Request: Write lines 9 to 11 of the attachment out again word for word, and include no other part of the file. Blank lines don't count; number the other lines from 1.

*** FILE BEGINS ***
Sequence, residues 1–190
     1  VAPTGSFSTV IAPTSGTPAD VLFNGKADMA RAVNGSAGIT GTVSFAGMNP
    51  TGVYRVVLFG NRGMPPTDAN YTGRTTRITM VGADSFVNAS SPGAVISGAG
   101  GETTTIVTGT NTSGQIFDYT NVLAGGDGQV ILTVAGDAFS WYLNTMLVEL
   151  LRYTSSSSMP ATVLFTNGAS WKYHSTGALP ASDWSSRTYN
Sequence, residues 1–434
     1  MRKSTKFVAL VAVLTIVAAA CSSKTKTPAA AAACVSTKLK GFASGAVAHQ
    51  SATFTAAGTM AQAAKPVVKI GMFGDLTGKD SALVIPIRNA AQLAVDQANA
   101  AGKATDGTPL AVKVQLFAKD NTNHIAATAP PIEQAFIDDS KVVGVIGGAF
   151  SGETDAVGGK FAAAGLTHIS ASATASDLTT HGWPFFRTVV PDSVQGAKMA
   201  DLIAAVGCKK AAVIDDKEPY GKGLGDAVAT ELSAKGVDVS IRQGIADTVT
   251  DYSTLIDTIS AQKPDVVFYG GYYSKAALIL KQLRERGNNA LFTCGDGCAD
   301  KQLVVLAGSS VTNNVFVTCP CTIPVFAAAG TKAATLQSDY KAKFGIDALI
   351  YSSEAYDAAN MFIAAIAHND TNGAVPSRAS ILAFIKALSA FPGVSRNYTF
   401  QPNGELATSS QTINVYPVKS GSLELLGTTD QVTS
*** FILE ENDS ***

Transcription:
   101  AGKATDGTPL AVKVQLFAKD NTNHIAATAP PIEQAFIDDS KVVGVIGGAF
   151  SGETDAVGGK FAAAGLTHIS ASATASDLTT HGWPFFRTVV PDSVQGAKMA
   201  DLIAAVGCKK AAVIDDKEPY GKGLGDAVAT ELSAKGVDVS IRQGIADTVT